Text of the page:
Africa cases drop for first time since Omicron wave but vaccinations lag behind.
By Lehlohonolo Lehana.
The number of new COVID-19 cases in Africa is continuing to decline despite the Omicron variant overtaking Delta as the leading variant on the continent.
This is according to World Health Organisation (WHO) Africa Region Emergency Director, Dr Abdou Salam Gueye.
Cumulative COVID-19 cases across the continent have crossed the 10 million mark, with 230 000 people losing their lives due to complications related to the virus.
"Over the past week, cases plateaued as compared to the week before. Infections have also declined in three of Africa’s five sub-regions. Only North and West Africa are currently witnessing an increase in cases.
"Encouragingly, after a six week surge, Africa’s fourth pandemic wave that has been primarily driven by the Omicron variant has recorded its first drop in cases. If this trend continues, this marks the shortest life surge to date in the continent," he said.
Gueye reported that the Omicron variant has been detected and reported in at least 30 African countries to date.
"In the hardest hit countries, Omicron has quickly become the dominant variant. It overtook the Delta variant within two weeks or less. Comparatively, it took around four weeks for Delta to surpass the previous dominant Beta variant," he said.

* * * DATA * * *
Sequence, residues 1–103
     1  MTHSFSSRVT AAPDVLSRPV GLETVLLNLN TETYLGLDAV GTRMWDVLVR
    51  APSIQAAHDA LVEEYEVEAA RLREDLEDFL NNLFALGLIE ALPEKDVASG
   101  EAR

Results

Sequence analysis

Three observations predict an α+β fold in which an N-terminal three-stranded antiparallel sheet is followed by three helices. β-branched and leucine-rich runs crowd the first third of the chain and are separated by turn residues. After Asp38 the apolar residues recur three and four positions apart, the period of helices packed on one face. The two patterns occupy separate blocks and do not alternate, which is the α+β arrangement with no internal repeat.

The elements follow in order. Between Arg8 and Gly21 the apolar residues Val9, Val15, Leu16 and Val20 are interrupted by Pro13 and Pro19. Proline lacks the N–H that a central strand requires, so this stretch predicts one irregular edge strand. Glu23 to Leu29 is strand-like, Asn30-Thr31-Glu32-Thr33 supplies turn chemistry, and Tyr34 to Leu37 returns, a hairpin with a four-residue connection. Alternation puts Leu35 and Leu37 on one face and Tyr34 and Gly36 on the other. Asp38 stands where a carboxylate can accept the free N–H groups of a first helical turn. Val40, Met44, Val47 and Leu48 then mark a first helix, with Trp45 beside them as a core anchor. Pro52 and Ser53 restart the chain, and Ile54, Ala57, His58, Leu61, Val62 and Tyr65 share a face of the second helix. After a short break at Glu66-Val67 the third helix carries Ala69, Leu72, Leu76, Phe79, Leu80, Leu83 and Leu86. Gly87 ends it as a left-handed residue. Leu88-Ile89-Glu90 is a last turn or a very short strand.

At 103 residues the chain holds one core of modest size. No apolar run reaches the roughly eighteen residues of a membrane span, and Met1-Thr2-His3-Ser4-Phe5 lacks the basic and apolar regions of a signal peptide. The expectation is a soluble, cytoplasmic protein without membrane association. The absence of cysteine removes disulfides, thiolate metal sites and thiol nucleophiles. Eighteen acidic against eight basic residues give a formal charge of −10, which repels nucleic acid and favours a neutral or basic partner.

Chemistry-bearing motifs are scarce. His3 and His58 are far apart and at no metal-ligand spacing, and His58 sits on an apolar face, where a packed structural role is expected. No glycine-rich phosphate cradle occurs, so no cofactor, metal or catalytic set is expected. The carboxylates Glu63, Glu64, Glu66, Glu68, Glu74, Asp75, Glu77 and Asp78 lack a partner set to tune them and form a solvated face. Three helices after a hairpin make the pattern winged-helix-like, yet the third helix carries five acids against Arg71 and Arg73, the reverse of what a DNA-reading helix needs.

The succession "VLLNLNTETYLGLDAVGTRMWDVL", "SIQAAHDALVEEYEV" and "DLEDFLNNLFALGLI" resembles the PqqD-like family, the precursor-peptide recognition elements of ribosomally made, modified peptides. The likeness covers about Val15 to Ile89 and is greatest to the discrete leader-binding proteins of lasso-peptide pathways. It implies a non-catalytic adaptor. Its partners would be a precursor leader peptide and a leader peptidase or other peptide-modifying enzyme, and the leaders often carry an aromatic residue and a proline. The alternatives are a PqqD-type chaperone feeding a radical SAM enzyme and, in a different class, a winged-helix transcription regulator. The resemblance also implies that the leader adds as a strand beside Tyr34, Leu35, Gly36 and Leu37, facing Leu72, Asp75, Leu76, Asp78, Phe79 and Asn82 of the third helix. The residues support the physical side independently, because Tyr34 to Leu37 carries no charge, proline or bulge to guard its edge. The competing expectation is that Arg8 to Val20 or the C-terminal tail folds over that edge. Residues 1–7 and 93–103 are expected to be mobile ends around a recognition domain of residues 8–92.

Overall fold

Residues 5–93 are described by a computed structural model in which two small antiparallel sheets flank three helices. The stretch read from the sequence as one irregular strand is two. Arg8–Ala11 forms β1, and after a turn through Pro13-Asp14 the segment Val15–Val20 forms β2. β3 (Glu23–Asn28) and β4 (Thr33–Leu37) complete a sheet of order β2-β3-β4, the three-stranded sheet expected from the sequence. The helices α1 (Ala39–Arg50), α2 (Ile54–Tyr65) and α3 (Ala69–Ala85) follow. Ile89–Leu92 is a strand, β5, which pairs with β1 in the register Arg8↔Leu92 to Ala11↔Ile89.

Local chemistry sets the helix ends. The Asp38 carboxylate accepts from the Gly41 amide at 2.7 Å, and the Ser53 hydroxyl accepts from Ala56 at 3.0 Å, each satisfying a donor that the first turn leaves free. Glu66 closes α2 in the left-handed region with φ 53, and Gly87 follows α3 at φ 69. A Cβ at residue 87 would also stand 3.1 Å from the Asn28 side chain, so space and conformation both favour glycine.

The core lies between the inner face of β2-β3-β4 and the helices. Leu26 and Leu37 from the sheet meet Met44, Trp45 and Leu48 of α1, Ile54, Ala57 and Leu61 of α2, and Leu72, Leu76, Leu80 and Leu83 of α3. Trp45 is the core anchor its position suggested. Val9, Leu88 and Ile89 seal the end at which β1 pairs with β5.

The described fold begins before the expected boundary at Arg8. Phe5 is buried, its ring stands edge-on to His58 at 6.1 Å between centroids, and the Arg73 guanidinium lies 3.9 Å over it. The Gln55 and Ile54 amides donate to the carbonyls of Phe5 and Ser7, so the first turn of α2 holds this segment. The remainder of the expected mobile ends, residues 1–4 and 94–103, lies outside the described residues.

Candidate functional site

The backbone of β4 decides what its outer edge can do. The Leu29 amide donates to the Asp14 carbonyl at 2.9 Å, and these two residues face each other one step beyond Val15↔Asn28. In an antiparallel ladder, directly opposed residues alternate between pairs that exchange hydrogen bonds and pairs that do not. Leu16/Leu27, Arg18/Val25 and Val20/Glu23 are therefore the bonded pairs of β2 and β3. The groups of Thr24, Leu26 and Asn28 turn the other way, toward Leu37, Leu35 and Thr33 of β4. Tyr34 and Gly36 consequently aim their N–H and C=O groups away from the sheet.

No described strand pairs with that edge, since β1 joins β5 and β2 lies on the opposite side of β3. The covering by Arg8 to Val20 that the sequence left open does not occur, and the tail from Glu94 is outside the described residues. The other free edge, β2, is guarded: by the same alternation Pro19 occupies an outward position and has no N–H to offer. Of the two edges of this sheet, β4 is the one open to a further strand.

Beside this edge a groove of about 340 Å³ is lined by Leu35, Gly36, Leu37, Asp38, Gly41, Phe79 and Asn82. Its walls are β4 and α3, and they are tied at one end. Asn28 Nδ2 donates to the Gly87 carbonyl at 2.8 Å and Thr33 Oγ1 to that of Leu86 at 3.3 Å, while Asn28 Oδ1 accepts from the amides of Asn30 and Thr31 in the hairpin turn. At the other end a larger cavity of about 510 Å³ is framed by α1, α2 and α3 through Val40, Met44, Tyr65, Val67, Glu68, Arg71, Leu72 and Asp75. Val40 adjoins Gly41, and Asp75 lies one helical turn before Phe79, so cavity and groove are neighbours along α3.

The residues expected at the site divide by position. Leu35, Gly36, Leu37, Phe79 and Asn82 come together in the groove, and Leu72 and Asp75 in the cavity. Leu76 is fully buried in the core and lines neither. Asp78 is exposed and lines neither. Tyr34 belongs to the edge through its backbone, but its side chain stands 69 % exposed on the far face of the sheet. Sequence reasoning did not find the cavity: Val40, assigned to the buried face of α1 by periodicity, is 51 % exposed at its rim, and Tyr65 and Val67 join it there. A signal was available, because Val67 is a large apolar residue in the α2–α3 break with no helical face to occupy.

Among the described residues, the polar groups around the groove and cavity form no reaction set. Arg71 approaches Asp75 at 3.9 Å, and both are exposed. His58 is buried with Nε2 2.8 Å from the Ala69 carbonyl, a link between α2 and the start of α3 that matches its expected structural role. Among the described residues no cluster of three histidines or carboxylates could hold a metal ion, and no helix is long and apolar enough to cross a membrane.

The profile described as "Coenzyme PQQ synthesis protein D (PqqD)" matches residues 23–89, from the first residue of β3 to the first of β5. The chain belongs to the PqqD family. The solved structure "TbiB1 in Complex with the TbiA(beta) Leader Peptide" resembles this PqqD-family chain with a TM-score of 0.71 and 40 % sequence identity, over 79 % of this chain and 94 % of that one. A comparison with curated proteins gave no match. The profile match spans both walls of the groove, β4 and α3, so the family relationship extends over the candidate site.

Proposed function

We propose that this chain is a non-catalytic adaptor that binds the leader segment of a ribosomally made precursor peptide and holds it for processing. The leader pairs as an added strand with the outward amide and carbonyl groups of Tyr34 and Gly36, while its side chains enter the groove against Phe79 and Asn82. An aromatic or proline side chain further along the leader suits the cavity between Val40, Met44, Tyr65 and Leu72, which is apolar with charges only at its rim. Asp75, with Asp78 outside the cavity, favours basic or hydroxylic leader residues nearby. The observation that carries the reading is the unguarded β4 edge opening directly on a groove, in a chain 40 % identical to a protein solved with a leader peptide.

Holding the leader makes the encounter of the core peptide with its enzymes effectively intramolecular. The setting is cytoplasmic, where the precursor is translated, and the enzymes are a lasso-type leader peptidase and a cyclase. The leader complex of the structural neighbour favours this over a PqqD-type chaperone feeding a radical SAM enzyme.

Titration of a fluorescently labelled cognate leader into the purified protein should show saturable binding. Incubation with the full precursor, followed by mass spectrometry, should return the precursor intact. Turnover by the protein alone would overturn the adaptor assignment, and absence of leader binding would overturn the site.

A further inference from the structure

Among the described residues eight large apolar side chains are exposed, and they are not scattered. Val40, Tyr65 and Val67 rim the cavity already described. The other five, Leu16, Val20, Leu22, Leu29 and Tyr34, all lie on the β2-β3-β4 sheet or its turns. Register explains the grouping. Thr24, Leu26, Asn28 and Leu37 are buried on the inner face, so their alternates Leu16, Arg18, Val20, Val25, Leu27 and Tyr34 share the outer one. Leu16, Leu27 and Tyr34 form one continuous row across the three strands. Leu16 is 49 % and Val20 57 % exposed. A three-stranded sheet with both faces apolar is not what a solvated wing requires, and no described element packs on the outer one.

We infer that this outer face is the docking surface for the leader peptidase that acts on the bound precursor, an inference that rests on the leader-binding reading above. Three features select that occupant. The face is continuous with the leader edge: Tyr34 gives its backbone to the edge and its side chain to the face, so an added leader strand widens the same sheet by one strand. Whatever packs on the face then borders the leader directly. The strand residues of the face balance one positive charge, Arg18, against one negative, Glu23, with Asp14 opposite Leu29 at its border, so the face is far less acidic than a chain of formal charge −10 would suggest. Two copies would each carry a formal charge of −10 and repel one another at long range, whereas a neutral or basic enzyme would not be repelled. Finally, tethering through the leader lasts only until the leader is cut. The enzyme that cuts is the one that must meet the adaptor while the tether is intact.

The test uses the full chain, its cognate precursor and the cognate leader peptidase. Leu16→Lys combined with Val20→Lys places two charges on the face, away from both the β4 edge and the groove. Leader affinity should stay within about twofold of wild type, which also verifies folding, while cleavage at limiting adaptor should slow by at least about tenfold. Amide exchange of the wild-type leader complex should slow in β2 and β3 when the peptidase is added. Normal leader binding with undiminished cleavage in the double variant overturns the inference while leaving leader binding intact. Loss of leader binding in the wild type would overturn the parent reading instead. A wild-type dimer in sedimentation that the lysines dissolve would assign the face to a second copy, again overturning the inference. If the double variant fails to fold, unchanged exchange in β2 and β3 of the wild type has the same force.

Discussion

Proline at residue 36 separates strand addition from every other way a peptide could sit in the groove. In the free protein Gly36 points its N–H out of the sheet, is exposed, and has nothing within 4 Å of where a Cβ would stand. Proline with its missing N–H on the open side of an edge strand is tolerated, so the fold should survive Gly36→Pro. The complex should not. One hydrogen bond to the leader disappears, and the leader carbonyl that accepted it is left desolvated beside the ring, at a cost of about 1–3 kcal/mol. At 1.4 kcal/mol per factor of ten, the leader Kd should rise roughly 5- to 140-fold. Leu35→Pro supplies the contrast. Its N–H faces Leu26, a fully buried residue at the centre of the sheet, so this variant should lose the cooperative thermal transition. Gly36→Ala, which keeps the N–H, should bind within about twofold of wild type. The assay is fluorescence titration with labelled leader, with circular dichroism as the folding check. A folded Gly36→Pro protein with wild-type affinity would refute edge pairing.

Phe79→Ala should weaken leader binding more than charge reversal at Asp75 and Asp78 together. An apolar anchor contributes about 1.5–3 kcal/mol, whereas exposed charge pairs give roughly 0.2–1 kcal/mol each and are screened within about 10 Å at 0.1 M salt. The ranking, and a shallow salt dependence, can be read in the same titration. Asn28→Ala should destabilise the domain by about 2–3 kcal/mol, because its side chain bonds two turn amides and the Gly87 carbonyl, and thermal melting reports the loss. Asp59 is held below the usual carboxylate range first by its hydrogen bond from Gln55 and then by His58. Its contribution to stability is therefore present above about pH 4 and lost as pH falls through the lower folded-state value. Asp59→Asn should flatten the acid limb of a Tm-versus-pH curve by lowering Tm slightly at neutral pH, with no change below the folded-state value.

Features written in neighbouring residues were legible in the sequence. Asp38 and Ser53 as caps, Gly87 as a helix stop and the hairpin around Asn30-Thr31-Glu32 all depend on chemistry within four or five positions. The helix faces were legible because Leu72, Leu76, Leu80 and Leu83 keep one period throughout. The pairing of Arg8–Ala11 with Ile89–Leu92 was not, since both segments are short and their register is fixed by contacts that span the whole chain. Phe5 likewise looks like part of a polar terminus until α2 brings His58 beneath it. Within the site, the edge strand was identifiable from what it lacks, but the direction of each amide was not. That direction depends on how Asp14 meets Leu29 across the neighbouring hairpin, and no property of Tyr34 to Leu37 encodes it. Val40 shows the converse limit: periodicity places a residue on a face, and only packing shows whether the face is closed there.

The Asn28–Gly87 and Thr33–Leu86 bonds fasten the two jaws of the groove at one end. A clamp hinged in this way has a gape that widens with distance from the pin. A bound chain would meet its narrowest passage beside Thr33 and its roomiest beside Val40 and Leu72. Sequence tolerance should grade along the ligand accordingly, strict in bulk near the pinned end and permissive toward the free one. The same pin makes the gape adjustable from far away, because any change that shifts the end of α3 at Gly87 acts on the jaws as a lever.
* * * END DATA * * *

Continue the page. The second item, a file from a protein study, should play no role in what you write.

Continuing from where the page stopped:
Gueye warned that although the decline in new cases is a good sign, the WHO remains on alert.
"We are still very cautious because the latest data we collected was during the holiday period which is known to under report," he said.
Gueye said data shows that deaths related to the virus rose by at least 64% but that these fatalities "remain below those in the previous waves"with hospitalisations also at a low as compared to previous waves of infection.
He emphasised that with only about 10% of Africans on the continent fully vaccinated, Africa needs to rapidly ramp up the number of jabs in arms.
"[Although] Africa seems to be emerging from its peak of the fourth pandemic wave, vaccinations – which are pivotal against this virus – remain far too low. Currently vaccination bottlenecks are less about supply than they are about rollout.
"At the current vaccination rate, Africa is running too far behind. The coming months will be critical in Africa’s effort to improve vaccinations. The continent cannot afford to remain on the fringes of this historic vaccination drive,"he said.
According to Gueye, the WHO is increasing support to countries in order to "fast track and effectively deliver" COVID-19 vaccine doses to its populations.
"Specifically, we are working with governments to resolve operational challenges that include refining and implementing vaccine rollout strategies, pledging funding shortfalls as well as boosting collaboration with communities for increased vaccination uptake,"he said.